Levain Chocolate Chip Cookies
This copycat recipe for Levain Chocolate Chip Cookies turns out enormous thick and chewy cookies, loaded with chocolate chips and walnuts, just like the cookies you’ll find at the famous Levain Bakery.
The first time I heard about the Levain Bakery cookies was on an episode of Throwdown with Bobby Flay eons ago… I bet it was at least eight years ago. I never quite got the picture of those massive cookies out of my mind. I still have never been to Levain Bakery, which also means I haven’t had one of their cookies. Still, they tempted me. I kept seeing copycat recipes for the Levain chocolate chip cookies show up on blogs and Pinterest, and I couldn’t escape them.
I finally decided to go all-in and tackle the massive cookies that I couldn’t stop thinking about. I sifted through the mountain of copycat recipes floating around online and settled on this final recipe. If you like huge, chewy cookies packed with chocolate, then these are your heaven.
In case you can’t tell from the photos, these cookies are absolutely, positively enormous. As is, humongous.
Even my husband, who loves super-sized desserts as much as I do, couldn’t believe how big these cookies were. The last time I made them, I gave one to him, and he said, “whoa, this is like a massive scone!” Yes, they are big cookies. Yes, they are meant to be massive cookies.
I wasn’t sure what to expect from the cookies, but I totally loved them. Aside from being huge, these cookies really deliver in the thick and chewy department. They have slightly crisp edges that give way to a sky-high chewy cookie loaded with dark chocolate and walnuts.
These cookies remind me of a slightly less amped-up version of The New York Times Chocolate Chip Cookies.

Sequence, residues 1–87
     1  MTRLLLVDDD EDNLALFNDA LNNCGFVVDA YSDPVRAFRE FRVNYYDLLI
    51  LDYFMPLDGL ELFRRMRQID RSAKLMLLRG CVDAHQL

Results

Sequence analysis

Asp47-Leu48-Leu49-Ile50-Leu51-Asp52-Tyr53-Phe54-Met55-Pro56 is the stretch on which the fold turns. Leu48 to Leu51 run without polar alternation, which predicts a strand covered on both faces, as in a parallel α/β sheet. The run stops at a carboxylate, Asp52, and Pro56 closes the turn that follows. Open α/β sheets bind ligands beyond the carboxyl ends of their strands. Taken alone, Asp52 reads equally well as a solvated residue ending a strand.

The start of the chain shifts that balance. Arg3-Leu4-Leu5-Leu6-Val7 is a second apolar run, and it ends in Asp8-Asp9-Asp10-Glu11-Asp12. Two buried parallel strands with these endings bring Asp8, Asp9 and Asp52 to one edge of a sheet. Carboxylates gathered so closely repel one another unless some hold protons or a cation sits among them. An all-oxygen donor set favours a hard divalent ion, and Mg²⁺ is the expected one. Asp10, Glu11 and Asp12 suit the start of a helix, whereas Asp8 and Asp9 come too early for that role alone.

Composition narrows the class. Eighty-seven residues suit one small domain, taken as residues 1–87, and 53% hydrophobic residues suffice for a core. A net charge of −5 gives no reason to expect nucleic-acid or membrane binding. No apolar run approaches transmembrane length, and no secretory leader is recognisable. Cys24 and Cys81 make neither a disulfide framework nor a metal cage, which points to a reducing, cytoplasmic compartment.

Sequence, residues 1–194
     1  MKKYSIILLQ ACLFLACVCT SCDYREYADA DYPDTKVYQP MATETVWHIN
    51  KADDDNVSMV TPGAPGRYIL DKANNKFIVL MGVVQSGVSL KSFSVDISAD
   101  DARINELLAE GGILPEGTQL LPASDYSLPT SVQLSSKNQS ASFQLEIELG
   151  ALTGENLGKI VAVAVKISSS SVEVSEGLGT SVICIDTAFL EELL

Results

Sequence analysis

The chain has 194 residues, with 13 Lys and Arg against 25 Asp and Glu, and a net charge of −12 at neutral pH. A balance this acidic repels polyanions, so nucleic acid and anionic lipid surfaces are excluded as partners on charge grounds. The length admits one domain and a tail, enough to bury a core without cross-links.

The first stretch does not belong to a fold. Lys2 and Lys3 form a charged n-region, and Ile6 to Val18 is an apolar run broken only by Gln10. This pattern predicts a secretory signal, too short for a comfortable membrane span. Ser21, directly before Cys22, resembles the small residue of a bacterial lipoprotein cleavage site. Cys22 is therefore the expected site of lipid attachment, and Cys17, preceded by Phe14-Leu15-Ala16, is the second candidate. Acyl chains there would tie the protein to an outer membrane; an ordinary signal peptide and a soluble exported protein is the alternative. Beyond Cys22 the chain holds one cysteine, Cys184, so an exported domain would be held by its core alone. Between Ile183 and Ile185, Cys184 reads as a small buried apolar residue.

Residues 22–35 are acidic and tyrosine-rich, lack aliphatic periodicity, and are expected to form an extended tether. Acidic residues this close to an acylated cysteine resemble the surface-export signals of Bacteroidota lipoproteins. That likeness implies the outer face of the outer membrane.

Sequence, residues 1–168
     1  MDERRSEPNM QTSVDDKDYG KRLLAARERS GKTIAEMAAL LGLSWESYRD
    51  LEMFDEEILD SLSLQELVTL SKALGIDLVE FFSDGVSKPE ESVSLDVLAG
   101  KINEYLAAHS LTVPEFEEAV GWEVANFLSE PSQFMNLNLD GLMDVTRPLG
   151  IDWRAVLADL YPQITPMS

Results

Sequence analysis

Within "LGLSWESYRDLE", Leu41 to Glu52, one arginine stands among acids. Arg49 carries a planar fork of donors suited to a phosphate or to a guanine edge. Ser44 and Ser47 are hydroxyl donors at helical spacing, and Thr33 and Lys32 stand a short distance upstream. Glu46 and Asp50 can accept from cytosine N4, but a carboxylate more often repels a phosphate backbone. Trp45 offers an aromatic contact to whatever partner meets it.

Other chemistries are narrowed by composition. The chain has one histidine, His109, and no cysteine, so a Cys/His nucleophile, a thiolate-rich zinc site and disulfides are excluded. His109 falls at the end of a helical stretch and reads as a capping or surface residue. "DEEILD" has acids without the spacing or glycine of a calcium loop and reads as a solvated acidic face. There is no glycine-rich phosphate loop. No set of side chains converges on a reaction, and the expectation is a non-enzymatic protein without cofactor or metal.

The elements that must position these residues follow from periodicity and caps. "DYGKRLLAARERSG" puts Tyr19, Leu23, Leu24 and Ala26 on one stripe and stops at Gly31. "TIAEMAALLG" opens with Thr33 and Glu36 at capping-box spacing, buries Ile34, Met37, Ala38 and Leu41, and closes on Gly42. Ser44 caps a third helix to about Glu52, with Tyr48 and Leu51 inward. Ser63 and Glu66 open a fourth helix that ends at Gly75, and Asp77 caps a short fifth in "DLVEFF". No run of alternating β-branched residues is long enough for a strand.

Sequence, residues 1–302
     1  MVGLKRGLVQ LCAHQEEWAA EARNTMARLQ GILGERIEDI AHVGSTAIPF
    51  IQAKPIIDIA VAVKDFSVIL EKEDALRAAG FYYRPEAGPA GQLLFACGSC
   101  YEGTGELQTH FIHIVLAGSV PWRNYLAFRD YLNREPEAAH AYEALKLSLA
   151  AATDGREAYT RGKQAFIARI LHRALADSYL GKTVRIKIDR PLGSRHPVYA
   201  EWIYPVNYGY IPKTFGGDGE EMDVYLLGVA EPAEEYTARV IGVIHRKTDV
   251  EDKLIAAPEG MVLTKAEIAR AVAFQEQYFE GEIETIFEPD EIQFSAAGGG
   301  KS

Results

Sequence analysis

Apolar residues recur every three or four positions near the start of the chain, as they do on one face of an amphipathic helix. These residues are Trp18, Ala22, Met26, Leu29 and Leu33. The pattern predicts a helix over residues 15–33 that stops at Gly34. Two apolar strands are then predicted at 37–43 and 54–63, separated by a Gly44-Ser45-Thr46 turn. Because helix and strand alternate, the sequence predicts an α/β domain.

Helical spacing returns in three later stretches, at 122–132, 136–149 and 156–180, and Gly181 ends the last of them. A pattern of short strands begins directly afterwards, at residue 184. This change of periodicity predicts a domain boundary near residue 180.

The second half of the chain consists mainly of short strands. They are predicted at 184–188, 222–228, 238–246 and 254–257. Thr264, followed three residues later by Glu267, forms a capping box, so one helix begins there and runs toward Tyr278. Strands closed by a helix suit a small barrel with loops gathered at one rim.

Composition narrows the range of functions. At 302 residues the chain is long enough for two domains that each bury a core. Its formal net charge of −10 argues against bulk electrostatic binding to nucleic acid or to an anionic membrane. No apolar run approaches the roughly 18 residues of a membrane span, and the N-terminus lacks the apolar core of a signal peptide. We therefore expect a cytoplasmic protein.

Big, thick, chewy cookies with tons of chocolate and add-ins are just my speed. Since I’ve never had the real Levain chocolate chip cookies, I can’t tell you how they compare, but I can tell you that these are utterly fantastic cookies that will make you swoon.
Make them and don’t think twice!
Levain Bakery Chocolate Chip Cookies
A copycat recipe for the famous Levain Bakery chocolate chip cookies.
- 3 cups (383 grams) bread flour
- 1 teaspoon baking powder
- ¼ teaspoon baking soda
- ¾ teaspoon kosher salt
- 1 cup (227 grams) unsalted butter, cold and cut into cubes
- ¾ cup + 4 teaspoons (170 grams) light or dark brown sugar
- ½ cup (99 grams) granulated sugar
- 2 eggs, cold, lightly beaten in a separate bowl
- 1 teaspoon vanilla extract
- 1½ cups (255 grams) dark chocolate chips
- 1 cup (113 grams) toasted and coarsely chopped walnuts
- Line a baking sheet with parchment paper; set aside.
- In a medium bowl, whisk together the flour, baking powder, baking soda and salt; set aside.
- Using an electric mixer, beat the butter on medium speed until it comes together in one cohesive mass, about 1 minute. Add both sugars and continue to beat for another 1 to 2 minutes, until all of the sugar has been incorporated into the butter. Gradually add the eggs and vanilla and continue beating on medium speed until combined, scraping the sides of bowl once (the batter will appear lumpy). Reduce the speed to medium-low and gradually add the flour mixture until just a little bit of flour still remains. Stir in the chocolate chips and walnuts with a rubber spatula.
- Divide the dough into 12 even pieces, roughly shaping them into balls (it should not be smooth). Place them,evenly spaced, on the prepared baking sheet. Refrigerate for 30 minutes.
- Preheat oven to 375 degrees F.
- Bake for 18 to 24 minutes, or until light golden brown on top. Let cool for 5 minutes on the cookie sheet, then remove to a wire rack to finish cooling. Leftovers can be stored in an airtight container at room temperature for up to 4 days.
- While dark chocolate chips mimic the original recipe, you could also use semisweet chocolate chips.
- You can omit the walnuts for allergy purposes or personal preference.
- To get cookies all the same size, I recommend using a scale for weighing out the dough.
This recipe was originally published on July 17, 2013.